Sienna Somers: We have just eleven years left to halt irreversible climate change. However, the pact states that they (20% of the fashion industry) aim to achieve net-zero by 2050. This will be too little too late. In addition, SBTs assume everyone is essentially doing their ‘fair share’. Yet if the remaining 80% of the industry is not making progress towards tackling climate change, these actions will not be enough. 

Orsola de Castro: If this 20% was made up of brands that had never made strides towards sustainability, then this would be something worth celebrating. But the fact that many of the brands, like Kering and Stella McCartney have been vocal about their environmental goals for years means that this is nothing new. Kering has been telling us they are the most sustainable luxury brand possible for the past five years, yet only now they’re signing onto these targets – what have they been doing this whole time? 

Most notably missing from the list of signatories is LVMH group (Which owns Louis Vuitton, Dior, Kenzo, and dozens more luxury houses). As Kering’s biggest competitor, LVMH’s absence is a classic example of the anti-collaboration mentality that hinders sustainable innovation in the fashion industry. In a climate emergency we need collaboration over competition. 


Change, NOW

While the Pact is focused on tomorrow, via its non-obligatory targets, we need action today. 

Ilishio Lovejoy: The pact calls for, “Eliminating the use of single use plastics (in both B2B and B2C packaging) by 2030”. We need to see action being taken now, not by 2030. There is no longer an excuse to use virgin plastics when there are so many recycled alternatives available.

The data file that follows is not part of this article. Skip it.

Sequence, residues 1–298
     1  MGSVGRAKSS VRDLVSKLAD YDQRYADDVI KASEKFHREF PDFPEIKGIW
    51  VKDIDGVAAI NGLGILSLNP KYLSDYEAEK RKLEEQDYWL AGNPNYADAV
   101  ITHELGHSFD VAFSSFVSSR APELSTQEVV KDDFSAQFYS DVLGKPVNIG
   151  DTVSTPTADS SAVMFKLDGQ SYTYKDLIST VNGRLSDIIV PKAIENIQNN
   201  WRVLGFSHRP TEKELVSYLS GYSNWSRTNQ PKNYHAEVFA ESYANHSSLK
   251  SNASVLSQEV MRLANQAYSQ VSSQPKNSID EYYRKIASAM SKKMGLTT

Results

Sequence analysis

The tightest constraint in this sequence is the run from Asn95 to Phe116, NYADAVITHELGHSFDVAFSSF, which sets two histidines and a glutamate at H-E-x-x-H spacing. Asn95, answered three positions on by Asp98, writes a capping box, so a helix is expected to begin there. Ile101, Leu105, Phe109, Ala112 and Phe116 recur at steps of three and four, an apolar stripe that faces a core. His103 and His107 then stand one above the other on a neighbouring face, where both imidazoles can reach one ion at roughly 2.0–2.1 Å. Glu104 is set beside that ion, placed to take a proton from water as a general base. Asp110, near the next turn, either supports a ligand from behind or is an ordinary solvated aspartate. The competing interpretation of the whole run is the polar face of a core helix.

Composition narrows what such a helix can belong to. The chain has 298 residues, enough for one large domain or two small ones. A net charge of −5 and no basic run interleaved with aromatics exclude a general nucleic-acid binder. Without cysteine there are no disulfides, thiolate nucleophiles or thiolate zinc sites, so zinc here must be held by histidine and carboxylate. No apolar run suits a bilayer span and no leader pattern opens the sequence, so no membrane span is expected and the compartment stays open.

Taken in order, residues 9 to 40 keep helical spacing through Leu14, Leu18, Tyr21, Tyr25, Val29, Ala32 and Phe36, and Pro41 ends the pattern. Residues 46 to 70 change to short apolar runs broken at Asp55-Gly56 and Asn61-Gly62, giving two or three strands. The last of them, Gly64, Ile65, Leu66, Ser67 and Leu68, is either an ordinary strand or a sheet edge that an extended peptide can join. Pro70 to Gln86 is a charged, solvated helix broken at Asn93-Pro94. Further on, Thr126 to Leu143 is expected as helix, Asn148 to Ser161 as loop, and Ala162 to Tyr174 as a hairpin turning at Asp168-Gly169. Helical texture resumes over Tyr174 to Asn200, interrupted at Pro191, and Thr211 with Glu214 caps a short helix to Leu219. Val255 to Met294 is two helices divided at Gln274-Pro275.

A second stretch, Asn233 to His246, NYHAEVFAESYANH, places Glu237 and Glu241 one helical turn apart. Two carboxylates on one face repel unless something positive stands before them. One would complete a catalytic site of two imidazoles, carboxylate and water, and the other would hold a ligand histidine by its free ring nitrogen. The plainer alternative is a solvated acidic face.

Orsola de Castro: 2030 is ridiculous – we could all be dead by then! We need a ban on single-use plastics NOW.

The Pact states, “Each member company may choose appropriate courses of action from the possibilities listed as examples below each commitment, to achieve the objectives defined in the Pact”. 

Sienna Somers: Essentially, this is saying that the contents of the Pact are non-binding or non-obligatory, merely suggestions. We, as citizens, need to hold brands accountable to their commitments, otherwise, these statements, pacts and charters are simply greenwashing. We also need to demand legislation to hold these brands (and the brands doing nothing at all) to account, as this kind of non-binding protocol lets the industry-self regulate. It’s a reminder of the UK’s Environmental Audit Committee report on fashion, which pointed out that, “the fashion industry has marked its own homework for too long. Voluntary corporate social responsibility initiatives have failed significantly to improve pay and working conditions or reduce waste.” 

The Elephant in the Room

Hint: It’s overproduction

Orsola de Castro: This Pact is Copenhagen [Fashion Summit] all over again – the same people saying the same things.

Ilishio Lovejoy: We need to see more focus on the issue of overproduction as a key driver of the global climate emergency.

Orsola de Castro: Brands don’t want to talk about overproduction, but this is no longer acceptable. If we are to address climate change, fashion needs to slow down. We must divest in growth to invest in supply chain prosperity

Sienna Somers: The bottom line is that these brands are only going to do what in their interest and what doesn’t impact profit. We need to make these issues a priority for brands and show them that if they don’t start taking action, then we will no longer support them. Once it impacts their profit, that’s when they’ll listen. 

*banner image is from QUARTZY*